Monday, April 9, 2012

Day 5: Natchez, Mississippi - Mansions and Muscadine Wine!

Natchez has a great visitor's center with a neat model of the town and lots of exhibits.

Once we had the lay of the land we unloaded our bikes and toured around the city for a couple of hours.  There's a great waterfront park overlooking the Mississippi River.

This historic home was owned by William Johnson, a freed slave.  He opened a very popular barber shop in town and also had other businesses such as a bath house, bookstore, and other land holdings.  Johnson kept a detailed diary from 1835 until his death in 1851.  Unfortunately, he was killed over a land dispute.

Natchez has a remarkable collection of historic mansions.
This is Stanton Hall.

Just across the street... you could own this one!

My favorite, in a more New Orleans style.

The riverfront was known as "Natchez under the Hill".  This is where all the debauchery used to happen.

Cool manhole cover with a paddle steamer on it.

Of course, there's a gambling boat.

The Melrose mansion, now a National Historical Park.

The slave quarters.
"The Mississippi River brought prosperity to some and enslavement to others"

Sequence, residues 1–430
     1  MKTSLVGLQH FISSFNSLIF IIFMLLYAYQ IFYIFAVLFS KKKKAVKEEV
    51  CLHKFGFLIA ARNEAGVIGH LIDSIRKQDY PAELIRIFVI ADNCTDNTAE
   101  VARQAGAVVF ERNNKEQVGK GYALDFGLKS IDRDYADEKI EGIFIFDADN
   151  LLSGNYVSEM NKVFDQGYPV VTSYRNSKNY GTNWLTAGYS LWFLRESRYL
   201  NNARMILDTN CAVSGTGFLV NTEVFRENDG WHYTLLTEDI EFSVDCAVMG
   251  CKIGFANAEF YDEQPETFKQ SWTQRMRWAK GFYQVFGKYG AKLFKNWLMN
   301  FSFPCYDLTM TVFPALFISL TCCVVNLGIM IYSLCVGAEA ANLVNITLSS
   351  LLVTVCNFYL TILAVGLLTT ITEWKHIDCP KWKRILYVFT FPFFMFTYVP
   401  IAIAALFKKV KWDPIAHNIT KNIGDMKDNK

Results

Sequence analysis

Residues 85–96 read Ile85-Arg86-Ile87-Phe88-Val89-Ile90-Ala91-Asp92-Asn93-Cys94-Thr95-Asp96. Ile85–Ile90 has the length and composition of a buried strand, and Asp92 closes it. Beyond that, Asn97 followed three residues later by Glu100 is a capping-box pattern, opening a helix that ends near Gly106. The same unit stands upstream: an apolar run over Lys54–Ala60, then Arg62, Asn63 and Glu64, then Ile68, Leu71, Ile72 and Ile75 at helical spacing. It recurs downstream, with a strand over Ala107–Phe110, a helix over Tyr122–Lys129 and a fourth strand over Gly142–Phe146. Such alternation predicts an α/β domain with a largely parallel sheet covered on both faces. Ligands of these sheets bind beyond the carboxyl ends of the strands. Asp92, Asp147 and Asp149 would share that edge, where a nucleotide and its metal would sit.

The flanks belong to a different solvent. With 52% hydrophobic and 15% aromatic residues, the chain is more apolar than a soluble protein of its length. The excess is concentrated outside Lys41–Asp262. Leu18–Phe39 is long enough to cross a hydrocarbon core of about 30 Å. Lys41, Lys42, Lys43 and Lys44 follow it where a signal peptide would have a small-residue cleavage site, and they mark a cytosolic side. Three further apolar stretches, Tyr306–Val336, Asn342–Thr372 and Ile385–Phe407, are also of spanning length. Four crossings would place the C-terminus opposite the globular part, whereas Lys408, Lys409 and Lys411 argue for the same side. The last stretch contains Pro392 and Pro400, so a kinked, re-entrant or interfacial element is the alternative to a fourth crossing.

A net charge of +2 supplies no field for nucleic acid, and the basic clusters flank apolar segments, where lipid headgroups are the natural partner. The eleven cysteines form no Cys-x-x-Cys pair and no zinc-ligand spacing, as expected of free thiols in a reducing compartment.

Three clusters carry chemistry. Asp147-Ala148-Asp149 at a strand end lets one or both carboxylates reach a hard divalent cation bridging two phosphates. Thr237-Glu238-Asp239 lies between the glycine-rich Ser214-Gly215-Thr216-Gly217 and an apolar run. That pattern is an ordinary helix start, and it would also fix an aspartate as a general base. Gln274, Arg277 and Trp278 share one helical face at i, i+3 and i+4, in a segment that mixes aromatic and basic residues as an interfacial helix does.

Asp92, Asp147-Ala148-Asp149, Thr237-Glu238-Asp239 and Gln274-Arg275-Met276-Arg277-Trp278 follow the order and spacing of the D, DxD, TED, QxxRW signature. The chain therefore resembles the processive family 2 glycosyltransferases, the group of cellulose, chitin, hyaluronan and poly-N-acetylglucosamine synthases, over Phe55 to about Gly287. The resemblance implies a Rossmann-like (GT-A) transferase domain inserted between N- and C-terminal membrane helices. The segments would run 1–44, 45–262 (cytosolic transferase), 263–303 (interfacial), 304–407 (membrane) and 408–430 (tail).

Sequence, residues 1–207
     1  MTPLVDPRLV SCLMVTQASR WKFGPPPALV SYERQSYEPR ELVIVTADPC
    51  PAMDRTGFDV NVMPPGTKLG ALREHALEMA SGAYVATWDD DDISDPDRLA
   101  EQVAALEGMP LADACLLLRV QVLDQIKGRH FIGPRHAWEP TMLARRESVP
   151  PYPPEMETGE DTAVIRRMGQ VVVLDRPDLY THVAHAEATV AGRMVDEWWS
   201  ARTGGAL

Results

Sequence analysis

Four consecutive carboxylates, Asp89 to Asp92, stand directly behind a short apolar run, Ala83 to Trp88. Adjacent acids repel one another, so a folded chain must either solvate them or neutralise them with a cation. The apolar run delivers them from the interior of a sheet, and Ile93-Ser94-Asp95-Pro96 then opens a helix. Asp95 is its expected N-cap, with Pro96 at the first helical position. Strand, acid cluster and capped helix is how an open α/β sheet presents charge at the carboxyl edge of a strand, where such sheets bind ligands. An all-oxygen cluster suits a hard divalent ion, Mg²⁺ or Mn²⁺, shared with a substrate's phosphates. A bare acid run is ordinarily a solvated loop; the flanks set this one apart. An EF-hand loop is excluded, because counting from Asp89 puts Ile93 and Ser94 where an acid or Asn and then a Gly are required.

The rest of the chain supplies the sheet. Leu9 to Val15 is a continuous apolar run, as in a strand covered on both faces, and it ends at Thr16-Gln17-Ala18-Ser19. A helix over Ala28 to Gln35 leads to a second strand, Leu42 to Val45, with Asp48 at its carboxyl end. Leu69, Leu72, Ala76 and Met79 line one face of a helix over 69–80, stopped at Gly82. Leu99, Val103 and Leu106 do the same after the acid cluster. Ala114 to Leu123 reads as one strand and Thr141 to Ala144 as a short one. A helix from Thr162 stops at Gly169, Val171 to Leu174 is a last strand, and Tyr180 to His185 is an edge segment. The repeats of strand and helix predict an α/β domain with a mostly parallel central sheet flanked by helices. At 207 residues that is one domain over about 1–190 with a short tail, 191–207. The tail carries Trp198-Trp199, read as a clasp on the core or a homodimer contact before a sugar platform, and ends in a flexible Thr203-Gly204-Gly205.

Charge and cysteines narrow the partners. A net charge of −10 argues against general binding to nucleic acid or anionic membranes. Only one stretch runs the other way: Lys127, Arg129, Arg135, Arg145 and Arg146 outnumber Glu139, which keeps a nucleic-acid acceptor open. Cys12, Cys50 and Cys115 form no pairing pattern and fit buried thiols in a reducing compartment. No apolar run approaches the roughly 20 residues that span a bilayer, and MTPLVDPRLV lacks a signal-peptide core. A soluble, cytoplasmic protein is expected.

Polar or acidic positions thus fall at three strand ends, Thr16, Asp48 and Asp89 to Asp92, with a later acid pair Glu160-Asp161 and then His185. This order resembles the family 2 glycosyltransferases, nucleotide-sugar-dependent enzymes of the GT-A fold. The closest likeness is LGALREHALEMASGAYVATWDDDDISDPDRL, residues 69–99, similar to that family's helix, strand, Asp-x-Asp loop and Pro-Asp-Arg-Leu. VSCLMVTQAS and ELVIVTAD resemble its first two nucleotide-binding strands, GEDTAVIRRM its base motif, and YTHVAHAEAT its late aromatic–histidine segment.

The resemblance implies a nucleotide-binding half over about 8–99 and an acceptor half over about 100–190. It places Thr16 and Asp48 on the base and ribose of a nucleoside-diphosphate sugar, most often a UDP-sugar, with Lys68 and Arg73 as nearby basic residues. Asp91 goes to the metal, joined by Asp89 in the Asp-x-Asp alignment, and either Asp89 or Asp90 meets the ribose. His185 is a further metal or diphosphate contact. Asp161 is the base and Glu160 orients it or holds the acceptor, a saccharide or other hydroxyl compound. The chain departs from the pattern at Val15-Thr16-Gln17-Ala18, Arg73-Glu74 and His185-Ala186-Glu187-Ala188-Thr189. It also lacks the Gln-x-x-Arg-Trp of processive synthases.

Quote borrowed from the park's literature.

On our way out of town, we made a stop at the Old South Winery.
Here, they make muscadine wine from muscadine grapes that only grow in the south.

We didn't get this young lady's name but she was fun and informative and let us taste all their different varieties.  Most ran a little sweet for our taste but we found a few that we liked and left with 4 bottles!

Part of the vineyard at Old South Winery.

We drove north out of town via the Natchez Trace Parkway which parallels the original Natchez Trace Trail.  About 20 miles out of town we visited Mount Locust.

Flatboat men, known as "Kaintucks," because many were from Kentucky, used to float down river with their boats loaded with crops and other goods to sell in Natchez and New Orleans.  They rode the current south but couldn't return by boat so they would sell the boats for lumber and walk home on the Natchez Trail!  It took about a month.  This is the last remaining homestead that catered to travelers.  The home is in amazing condition.

Next: Mississippi Petrified Forest!?!


  1. Hi! I found your picture from the Natchez visitor center on line. I built the models of Natchez and Frogmore plantation when I worked for RAF Models & Displays many years ago and wondered if I could use your photo in a blog post I am writing on combining 3D elements with murals? Thanks!

  2. to reach me back about the photo, thanks